What the heck does CCF mean?

Long Beach water bill

by Michael J. McGuire

I am not talking about the California Community Foundation, Cheetah Conservation Fund or Center for Children and Families. Hey, I write about water stuff.

A few thousand water utility employees and I know what CCF means, but the overwhelming majority of people who pay water bills in the U.S. have no idea. Let’s try an experiment. Pull out your last water bill (its buried in the to-be-paid pile somewhere). Look at the amount of water your household used in the last billing period (usually one or two months). Ah ha! It says that you used 7.2 or 10.4 or 22.6 CCF. Well, that doesn’t sound like much. (Some water bills convert your usage in CCF to gallons and even graph the last 12 months, which is helpful.)

Ok. I will clear up the frustration for you. CCF means hundreds of cubic feet. The “C” stands for centum. Is this ringing a bell? When you represent numbers as Roman numerals, “C” stands for…wait for the drum roll…one hundred! Hold on a minute, you say, I am being billed for water in Latin? Yep.

Actually CCF represents a combination of the Latin language and an English unit of measurement. I didn’t clear up your confusion did I? You must be asking, what genius started using this mosh pit of water usage?

A few days ago, I got involved in a Twitter exchange with @PeterGleick, @jfleck and @cfishman who expressed some confusion about the meaning of CCF. Actually, Peter knew what it meant but the other two guys who write about water for a living did not. If these guys are confused, how can a typical water-bill-payer know what is going on? How did we get in this mess?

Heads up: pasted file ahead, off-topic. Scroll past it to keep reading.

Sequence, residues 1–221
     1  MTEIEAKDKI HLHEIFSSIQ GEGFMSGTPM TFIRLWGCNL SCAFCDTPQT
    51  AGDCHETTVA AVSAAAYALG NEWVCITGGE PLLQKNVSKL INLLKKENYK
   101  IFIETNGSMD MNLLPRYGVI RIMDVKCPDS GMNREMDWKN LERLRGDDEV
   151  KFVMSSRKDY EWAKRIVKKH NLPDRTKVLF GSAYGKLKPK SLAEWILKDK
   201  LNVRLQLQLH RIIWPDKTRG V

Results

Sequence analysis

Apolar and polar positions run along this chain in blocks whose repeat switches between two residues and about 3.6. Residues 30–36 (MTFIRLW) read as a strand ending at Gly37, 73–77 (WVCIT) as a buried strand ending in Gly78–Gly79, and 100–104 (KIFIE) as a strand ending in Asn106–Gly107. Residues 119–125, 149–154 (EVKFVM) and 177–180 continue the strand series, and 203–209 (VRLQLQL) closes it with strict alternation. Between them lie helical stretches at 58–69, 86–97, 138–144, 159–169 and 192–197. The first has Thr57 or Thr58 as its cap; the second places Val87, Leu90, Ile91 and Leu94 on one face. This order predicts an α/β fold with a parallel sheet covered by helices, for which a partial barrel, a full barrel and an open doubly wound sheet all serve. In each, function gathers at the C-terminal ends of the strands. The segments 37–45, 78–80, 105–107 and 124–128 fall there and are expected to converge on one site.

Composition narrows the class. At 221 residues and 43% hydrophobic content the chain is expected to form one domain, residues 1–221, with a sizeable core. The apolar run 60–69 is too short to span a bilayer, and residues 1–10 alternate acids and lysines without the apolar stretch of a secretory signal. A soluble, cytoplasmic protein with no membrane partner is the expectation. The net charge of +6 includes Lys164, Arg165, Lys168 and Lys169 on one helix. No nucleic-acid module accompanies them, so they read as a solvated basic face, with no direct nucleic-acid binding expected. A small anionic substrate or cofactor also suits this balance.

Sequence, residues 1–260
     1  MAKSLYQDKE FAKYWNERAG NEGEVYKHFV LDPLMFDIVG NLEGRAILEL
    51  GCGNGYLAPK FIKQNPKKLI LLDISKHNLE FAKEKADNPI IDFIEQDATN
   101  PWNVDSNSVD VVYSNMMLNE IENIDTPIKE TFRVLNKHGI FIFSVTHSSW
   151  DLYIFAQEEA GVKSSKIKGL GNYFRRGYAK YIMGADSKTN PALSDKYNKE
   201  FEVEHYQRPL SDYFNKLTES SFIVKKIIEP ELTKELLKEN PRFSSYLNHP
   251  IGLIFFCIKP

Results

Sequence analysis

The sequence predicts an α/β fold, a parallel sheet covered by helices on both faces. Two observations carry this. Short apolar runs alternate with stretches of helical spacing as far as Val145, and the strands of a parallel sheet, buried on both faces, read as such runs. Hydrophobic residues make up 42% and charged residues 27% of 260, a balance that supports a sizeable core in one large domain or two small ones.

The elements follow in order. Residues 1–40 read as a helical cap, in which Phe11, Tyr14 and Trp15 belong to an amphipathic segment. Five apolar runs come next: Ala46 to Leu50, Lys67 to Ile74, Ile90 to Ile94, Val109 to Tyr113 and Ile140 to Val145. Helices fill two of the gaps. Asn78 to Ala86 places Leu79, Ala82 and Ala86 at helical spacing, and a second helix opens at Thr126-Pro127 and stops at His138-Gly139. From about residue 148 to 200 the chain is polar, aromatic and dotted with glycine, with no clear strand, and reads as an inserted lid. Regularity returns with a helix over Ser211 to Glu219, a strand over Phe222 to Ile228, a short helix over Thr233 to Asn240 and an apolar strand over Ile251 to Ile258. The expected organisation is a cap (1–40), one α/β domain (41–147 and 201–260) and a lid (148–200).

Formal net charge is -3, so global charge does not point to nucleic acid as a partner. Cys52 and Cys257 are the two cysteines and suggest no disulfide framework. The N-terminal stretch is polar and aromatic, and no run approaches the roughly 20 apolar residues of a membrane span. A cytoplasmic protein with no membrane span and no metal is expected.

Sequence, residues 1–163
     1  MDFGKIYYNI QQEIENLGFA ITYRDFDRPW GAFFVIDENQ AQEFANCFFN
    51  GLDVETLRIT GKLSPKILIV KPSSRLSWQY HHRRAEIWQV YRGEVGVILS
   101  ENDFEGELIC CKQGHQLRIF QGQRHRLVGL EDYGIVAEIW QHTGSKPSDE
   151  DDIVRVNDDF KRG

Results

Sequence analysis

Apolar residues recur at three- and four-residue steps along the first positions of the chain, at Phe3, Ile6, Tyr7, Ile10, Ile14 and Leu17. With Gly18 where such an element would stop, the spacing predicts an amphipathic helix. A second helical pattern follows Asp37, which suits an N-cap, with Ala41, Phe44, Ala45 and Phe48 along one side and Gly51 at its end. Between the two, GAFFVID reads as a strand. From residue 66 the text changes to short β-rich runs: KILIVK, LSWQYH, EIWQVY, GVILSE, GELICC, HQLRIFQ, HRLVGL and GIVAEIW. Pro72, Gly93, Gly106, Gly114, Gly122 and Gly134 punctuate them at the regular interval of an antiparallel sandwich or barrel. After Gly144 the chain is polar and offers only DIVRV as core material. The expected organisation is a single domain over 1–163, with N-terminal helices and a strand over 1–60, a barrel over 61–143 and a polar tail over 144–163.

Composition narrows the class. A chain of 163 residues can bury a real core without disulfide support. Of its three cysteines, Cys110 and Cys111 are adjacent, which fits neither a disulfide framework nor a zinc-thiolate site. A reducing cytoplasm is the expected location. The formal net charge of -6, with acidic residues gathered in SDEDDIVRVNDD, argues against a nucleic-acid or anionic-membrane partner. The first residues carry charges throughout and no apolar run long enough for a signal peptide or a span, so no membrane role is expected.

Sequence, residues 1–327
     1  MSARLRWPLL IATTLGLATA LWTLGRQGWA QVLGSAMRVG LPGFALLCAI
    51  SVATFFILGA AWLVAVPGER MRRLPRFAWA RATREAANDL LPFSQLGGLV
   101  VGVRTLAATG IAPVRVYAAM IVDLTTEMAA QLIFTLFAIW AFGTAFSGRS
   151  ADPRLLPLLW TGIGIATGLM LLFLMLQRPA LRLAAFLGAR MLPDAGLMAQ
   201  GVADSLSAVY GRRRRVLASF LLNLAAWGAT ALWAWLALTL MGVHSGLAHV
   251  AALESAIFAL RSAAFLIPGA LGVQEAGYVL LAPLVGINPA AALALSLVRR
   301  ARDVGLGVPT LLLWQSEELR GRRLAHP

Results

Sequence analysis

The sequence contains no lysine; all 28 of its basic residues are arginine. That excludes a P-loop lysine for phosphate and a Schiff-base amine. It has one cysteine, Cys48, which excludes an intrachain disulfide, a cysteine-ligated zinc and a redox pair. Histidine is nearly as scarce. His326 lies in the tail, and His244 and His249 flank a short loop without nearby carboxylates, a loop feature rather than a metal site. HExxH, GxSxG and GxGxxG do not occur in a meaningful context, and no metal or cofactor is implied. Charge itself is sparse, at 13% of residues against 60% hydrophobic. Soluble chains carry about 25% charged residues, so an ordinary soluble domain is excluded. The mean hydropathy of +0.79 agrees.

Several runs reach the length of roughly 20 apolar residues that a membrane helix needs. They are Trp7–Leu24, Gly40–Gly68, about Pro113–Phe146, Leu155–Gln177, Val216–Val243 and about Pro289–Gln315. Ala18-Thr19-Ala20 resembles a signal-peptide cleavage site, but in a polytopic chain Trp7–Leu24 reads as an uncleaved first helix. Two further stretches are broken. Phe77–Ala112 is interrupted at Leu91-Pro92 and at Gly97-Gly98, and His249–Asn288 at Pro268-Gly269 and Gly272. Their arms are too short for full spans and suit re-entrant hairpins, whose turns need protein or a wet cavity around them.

It’s all about water metering. While individual meters were relatively expensive back then, the impetus to install them came from the huge amount of water waste that occurred when flat-rate charges were used. For example, you might be charged for water service based on the number of fireplaces you had. There was no incentive to conserve water so people would leave their taps on during the winter to prevent the pipes from freezing and bursting.

When a new centralized water supply system was installed in a city in the 1800s, everyone was thrilled. However, metering was not usually done in the beginning and the public became used to wasting water because there were no penalties. A crisis would be reached when it became necessary to expand the water system or seek a new supply because the original one that was supposed to last many decades was overtaxed. There are many articles in the early literature that emphasized water conservation (usually involving metering) instead of the huge capital investments to develop a new water supply and build a larger treatment plant.

Growth in percent meter use for selected cities 1875-1900One source stated that water meters became available as early as the 1850s in the US. Allen Hazen (usually known for his work in filtration) wrote a book about metering in which he stated that the earliest reliable meters were available in the 1870s. The early meters measured water use in either gallons or cubic feet. The attached graphic shows that metering for cities such as Fall River, MA; Yonkers, NY; Pawtucket, RI and Worcester, MA occurred during the late 1870s.